Posted on October 18, 2007
While driving home from work, I happened to be monitoring 1670, listening to a weak signal from WTDY (Madison, WI). Suddenly I picked up a “talking house” transmission. It was from a realtor (Baird and Warner) advertising a house for sale along my route. He went through the house description, and at the end, he put in a plug for the “talking house” and invited people to contact him about selling their home “the talking house way”.
That’s fairly unremarkable, but something else I noticed might be of interest here… the “woop woop woop” effect! Now, what is that? Well, as the talking house signal got weaker, it was beating with the background signal from WTDY. As the message played, it would cause this low frequency “woop woop” sound, with about a 1 second periodicity. I noticed that the “wooping” effect was strongest between words, and it would eventually die out at the end of sentences or during the quiet period before the message repeated.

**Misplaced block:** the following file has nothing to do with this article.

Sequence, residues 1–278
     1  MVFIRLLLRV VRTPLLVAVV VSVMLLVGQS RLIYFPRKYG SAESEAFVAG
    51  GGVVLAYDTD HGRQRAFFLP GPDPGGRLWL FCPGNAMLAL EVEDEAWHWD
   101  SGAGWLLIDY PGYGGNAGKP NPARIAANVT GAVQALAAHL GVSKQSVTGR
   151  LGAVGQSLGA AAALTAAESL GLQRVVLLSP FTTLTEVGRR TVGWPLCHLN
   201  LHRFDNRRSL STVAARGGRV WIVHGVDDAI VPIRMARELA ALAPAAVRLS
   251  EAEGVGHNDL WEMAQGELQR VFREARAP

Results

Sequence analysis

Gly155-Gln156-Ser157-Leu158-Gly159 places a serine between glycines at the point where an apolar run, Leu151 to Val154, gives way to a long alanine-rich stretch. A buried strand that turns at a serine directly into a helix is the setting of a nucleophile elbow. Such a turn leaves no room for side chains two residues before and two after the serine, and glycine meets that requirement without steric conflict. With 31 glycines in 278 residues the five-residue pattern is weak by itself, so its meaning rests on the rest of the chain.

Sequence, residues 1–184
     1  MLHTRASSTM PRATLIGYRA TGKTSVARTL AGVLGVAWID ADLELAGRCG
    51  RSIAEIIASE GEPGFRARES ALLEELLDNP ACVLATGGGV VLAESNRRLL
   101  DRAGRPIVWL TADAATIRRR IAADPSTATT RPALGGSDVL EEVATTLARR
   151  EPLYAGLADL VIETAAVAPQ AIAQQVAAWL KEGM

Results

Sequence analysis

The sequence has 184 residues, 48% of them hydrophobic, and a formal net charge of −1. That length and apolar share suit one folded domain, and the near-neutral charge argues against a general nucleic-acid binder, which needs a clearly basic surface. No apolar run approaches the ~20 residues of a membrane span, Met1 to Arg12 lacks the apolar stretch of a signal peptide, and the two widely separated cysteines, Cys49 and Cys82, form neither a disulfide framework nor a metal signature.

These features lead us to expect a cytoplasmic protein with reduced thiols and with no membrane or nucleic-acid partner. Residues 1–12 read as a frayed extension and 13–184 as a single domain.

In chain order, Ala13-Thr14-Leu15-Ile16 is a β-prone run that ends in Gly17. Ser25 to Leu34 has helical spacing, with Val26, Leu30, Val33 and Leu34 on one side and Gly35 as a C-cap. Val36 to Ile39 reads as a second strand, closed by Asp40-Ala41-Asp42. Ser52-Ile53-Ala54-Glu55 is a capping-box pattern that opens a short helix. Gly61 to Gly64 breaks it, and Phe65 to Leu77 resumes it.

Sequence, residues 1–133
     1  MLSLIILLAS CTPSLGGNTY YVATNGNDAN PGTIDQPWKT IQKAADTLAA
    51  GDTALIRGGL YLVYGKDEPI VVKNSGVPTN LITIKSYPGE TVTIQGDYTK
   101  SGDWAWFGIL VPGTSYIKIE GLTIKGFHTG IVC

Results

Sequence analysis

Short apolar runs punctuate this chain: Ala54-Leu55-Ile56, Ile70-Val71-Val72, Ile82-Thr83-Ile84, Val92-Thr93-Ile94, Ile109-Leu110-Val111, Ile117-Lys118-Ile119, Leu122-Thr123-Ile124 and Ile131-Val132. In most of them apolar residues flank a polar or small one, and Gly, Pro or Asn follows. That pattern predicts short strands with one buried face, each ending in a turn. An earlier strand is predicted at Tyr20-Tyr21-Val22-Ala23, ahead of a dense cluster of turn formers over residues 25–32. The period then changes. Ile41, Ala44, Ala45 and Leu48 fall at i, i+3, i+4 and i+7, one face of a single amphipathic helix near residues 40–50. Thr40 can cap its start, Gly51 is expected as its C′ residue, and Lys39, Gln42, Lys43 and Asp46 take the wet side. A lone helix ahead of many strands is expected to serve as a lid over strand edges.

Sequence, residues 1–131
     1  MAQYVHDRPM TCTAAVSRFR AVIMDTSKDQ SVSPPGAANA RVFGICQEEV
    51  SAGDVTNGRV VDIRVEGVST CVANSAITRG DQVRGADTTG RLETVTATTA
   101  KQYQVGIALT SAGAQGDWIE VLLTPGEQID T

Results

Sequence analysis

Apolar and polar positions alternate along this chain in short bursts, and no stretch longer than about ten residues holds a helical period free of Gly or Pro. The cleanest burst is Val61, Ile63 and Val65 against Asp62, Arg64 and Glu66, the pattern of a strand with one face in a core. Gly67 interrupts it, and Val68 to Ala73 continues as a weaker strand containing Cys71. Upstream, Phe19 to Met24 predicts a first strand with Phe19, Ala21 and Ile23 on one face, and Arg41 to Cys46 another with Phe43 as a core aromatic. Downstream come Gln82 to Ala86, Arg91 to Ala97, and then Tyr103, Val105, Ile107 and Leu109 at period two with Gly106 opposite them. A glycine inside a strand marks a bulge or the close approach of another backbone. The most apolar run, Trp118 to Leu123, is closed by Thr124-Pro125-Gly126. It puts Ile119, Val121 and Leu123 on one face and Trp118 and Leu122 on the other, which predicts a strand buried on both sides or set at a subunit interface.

Now, what exactly is this? Here’s my theory. I think there are two things going on. The power supply apparently is not well enough regulated, and the PLL is slightly unstable. On modulation peaks, the extra power pulls the supply voltage, affecting the carrier frequency. The PLL corrects it, but it overshoots, causing the “woop” effect. When there’s no modulation, the thing stabilizes. This could probably be corrected fairly easily by adding some additional regulation.
So OK, all you talking house transmitter owners, have you noticed this? I was curious about these units, but it sounds like the audio quality might not be as good as the SSTran or the Rangemaster. At least not without some work!